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In the interview, he explained that Twitch had made “a very nice offer” as well, but that Mixer was more intriguing given its capacity for higher-quality video and flexibility in non-gaming pursuits. Additionally, his wife explained that part of his decision to leave Twitch was spurred by plateaued growth on the platform and a failure to “listen to us” amidst negotiations.

Now, he asserts that he is “a lot more comfortable and relaxed” because his brand survived the frustrations of a viewership downturn and, more recently, the absence of streaming at all. As for his next deal, a YouTube stream spurred some rumors, but the gaming icon has remained noncommittal. 

What’s clear, though, is that he wants a deal with technological streaming capacity, but balanced by the flexibility to pursue non-streaming content and partnerships, including in Hollywood.

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Twitch staff accused of tricking streamer into promoting brands

Published: 7/Oct/2020 21:28 Updated: 7/Oct/2020 21:34

by Alan Bernal

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Twitch streamers are speaking out against the broadcasting platform for attempting to promote brands within individual chats. Content creators are slamming the practice, especially since they have no control of removing the adverts from their channel.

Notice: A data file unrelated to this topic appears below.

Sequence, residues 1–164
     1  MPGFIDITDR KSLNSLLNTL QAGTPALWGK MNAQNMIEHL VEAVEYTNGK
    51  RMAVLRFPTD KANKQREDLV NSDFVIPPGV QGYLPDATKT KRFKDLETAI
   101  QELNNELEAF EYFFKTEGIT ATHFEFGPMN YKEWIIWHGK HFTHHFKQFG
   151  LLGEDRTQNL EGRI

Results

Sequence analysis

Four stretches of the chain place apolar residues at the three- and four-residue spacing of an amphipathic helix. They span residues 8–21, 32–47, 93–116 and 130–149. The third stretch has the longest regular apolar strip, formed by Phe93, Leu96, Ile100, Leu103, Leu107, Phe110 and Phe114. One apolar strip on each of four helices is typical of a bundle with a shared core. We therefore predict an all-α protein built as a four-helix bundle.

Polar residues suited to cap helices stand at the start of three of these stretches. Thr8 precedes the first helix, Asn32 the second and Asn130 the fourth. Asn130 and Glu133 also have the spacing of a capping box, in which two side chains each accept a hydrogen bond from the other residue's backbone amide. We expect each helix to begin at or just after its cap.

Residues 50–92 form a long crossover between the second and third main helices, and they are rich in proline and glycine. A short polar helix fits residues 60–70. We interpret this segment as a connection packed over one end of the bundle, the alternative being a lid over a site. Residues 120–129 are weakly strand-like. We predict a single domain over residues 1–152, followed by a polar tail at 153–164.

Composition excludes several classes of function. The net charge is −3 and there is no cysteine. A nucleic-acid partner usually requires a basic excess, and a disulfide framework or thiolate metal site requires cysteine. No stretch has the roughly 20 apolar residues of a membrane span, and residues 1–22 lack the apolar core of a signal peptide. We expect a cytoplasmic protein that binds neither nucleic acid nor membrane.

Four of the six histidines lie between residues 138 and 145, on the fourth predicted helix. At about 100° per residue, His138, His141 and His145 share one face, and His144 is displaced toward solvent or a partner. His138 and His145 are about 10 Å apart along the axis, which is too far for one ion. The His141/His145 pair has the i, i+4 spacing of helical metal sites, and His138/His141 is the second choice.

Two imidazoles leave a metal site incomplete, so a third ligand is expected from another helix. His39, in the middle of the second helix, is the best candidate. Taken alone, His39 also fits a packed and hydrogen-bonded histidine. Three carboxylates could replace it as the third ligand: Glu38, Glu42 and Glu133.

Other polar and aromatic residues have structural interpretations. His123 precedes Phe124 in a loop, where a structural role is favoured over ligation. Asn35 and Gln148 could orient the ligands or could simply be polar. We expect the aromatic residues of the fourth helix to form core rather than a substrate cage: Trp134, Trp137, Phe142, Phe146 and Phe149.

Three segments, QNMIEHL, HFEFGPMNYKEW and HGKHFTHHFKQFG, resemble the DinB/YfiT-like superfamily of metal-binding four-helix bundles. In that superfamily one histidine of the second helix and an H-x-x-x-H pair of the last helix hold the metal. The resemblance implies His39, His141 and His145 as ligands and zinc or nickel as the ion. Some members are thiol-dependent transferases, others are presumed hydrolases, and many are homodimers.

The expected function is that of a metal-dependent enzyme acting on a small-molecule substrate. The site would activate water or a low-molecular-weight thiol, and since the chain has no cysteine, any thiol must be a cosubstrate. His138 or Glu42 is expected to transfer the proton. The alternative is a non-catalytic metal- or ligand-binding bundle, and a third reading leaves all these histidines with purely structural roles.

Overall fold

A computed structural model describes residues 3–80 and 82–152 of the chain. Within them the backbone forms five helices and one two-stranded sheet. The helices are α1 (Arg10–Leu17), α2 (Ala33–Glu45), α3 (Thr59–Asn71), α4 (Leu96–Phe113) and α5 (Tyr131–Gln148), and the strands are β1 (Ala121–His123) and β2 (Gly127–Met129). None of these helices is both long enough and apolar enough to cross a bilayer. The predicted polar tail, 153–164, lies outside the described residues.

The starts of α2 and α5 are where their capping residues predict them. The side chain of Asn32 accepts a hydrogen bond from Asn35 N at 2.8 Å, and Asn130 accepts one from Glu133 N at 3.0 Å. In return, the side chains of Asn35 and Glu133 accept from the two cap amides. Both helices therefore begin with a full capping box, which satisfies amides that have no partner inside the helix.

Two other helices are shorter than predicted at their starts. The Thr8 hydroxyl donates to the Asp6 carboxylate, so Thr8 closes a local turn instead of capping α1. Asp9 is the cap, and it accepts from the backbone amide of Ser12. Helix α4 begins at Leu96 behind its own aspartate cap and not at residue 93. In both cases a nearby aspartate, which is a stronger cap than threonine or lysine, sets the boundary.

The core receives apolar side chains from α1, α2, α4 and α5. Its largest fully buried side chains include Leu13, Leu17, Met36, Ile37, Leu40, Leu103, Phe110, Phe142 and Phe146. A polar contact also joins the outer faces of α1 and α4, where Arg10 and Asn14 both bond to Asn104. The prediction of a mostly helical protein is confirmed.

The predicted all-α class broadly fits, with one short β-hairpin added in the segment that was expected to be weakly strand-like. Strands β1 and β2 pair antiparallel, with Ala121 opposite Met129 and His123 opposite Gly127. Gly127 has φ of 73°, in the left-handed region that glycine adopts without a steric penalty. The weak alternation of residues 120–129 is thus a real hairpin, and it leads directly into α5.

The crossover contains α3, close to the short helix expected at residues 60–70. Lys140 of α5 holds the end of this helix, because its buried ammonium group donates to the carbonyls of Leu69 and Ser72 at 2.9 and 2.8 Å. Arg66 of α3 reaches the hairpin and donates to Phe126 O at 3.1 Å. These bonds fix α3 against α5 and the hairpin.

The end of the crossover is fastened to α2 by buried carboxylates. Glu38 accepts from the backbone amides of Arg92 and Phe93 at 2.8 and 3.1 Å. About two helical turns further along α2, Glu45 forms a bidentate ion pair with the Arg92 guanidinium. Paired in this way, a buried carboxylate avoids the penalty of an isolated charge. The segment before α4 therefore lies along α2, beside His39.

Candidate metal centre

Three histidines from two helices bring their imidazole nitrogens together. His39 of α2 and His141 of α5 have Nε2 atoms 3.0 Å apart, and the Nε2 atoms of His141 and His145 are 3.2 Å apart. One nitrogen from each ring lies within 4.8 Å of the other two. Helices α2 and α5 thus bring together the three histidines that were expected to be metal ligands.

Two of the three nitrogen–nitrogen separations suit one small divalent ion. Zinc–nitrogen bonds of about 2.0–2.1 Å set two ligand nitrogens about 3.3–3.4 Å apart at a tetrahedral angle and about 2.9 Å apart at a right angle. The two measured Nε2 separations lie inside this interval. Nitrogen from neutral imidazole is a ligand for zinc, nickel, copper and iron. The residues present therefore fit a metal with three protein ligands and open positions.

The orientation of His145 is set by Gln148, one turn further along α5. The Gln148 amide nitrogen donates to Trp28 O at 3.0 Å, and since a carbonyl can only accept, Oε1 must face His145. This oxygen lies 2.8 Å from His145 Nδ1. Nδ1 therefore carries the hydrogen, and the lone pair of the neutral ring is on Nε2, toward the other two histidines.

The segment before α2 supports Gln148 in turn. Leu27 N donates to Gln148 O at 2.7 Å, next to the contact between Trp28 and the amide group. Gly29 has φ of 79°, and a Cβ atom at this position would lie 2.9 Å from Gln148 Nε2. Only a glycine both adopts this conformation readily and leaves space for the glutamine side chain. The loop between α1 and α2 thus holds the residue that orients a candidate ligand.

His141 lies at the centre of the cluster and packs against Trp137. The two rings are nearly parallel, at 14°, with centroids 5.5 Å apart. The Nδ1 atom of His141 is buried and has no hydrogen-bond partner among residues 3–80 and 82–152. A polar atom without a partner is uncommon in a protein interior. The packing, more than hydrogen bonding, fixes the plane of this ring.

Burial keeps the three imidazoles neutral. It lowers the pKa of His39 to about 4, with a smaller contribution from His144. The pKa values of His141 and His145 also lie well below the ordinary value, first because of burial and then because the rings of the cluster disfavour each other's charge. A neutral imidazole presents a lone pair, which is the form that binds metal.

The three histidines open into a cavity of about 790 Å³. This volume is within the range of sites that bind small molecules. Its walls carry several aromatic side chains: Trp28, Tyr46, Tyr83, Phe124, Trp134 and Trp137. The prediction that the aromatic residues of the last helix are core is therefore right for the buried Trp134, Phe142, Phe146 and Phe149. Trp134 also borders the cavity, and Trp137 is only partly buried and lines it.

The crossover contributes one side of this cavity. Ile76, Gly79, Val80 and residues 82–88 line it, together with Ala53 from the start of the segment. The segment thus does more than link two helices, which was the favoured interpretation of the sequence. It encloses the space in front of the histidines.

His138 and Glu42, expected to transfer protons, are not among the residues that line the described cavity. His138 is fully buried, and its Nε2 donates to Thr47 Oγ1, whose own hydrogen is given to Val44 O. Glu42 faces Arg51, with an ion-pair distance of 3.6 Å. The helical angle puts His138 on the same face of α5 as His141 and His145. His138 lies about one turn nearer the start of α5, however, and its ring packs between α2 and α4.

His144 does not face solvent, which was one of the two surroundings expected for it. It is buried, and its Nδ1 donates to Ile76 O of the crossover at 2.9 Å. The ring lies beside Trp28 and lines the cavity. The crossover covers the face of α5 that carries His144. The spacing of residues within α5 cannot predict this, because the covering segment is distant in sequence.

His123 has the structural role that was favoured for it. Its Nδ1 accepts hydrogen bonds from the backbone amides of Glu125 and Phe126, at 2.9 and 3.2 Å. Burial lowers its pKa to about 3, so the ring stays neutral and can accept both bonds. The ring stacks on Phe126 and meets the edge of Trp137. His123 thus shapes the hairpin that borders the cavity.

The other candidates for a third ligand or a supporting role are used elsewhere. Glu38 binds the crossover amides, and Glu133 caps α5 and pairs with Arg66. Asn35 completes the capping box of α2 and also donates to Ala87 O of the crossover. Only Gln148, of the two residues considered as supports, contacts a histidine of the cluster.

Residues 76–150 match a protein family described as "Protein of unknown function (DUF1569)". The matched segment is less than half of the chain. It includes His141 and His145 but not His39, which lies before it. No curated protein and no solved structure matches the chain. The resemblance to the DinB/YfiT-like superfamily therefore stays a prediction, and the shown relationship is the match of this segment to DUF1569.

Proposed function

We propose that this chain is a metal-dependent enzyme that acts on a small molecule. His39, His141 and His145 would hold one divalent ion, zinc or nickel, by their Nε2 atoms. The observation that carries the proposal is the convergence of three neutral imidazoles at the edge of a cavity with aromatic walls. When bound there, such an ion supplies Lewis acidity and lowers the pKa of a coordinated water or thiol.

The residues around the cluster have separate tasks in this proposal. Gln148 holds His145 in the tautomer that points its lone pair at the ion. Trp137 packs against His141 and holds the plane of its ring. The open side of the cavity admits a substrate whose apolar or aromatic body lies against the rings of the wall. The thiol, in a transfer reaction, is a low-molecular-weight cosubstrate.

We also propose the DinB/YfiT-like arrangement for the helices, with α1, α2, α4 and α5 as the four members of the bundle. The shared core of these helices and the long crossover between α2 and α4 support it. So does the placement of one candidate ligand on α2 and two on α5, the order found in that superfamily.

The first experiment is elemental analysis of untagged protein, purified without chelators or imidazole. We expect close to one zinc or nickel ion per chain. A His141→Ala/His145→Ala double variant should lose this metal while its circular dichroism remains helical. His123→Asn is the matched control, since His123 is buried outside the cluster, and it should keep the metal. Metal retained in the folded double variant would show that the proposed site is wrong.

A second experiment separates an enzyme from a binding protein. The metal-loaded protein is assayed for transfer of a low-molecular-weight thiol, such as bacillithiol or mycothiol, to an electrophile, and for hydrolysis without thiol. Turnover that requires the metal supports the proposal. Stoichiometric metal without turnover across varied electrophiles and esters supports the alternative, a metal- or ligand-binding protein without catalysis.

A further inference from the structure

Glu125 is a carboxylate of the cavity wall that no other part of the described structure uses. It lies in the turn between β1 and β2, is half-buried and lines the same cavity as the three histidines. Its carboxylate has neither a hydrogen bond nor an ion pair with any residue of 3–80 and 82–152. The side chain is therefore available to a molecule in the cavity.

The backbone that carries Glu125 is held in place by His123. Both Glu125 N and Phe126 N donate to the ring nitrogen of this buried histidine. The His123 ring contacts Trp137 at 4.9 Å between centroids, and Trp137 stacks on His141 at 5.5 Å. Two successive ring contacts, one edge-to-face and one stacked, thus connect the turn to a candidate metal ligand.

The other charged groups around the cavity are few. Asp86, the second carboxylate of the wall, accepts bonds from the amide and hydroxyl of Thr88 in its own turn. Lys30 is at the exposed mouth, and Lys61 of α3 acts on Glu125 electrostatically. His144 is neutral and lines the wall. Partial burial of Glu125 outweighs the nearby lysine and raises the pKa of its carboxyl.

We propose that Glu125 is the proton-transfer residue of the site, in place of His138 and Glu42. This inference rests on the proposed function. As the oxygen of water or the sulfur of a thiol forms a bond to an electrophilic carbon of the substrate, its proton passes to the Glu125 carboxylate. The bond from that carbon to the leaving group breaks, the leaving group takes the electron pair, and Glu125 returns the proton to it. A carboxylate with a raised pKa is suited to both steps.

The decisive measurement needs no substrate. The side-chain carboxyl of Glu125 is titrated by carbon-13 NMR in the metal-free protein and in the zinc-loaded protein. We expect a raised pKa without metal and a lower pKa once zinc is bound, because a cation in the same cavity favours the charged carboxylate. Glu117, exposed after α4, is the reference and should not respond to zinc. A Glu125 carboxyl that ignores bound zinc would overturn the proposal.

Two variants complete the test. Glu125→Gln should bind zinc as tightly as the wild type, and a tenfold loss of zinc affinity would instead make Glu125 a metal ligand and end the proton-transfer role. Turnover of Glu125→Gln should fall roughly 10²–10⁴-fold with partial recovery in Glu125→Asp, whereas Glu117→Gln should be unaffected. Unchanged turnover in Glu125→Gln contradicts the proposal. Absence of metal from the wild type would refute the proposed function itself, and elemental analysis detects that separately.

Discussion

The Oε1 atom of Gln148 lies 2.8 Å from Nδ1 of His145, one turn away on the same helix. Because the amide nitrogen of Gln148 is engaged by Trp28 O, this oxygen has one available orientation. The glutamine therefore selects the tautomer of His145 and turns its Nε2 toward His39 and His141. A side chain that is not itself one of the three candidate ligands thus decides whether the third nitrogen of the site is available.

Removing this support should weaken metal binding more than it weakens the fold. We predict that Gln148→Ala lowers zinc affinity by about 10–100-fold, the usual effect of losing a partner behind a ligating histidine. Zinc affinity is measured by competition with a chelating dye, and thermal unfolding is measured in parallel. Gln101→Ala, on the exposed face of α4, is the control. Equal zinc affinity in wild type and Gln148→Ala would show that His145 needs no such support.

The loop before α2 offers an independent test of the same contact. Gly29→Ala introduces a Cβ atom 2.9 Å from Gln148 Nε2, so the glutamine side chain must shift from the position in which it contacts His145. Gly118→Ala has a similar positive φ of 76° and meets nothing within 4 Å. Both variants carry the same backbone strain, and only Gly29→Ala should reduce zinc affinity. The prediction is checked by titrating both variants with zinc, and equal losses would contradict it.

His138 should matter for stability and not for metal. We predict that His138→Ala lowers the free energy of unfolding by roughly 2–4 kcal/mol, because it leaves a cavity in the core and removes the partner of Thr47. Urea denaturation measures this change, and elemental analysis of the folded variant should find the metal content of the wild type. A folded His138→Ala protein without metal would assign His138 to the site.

One longtime YouTuber and Twitch streamer who goes by ‘The Black Hokage’ noticed a staffer had dropped a message in his Chat. The purpose of the text, sent by ‘newcryka,’ was to have the streamer acknowledge the listed brand with 400 Bits attached to the post.

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He immediately took issue with the move: “Yo, are you promoting something?… You got a Twitch staff symbol next to your name, are you promoting sh*t in my Chat?”

After posting the interaction on Twitter, more streamers slammed the apparent unsolicited advertisement from the streaming platform.

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“Creators beware! Twitch staff is now going around donating spare change in an attempt to trick you into shouting out brands without proper compensation. Don’t fall for it,” The Black Hokage said.

Twitch partner and viral streamer ‘negaoryx’ responded: “Which is great, because we can’t moderate anything said by Twitch staff in chat, so we can’t even purge it… great…”

There is a function that lets people ‘/Clear’ their channels messaging log, which lets “broadcasters and chat moderators to completely wipe the previous chat history.” This feature doesn’t apply to messages from Twitch staff accounts.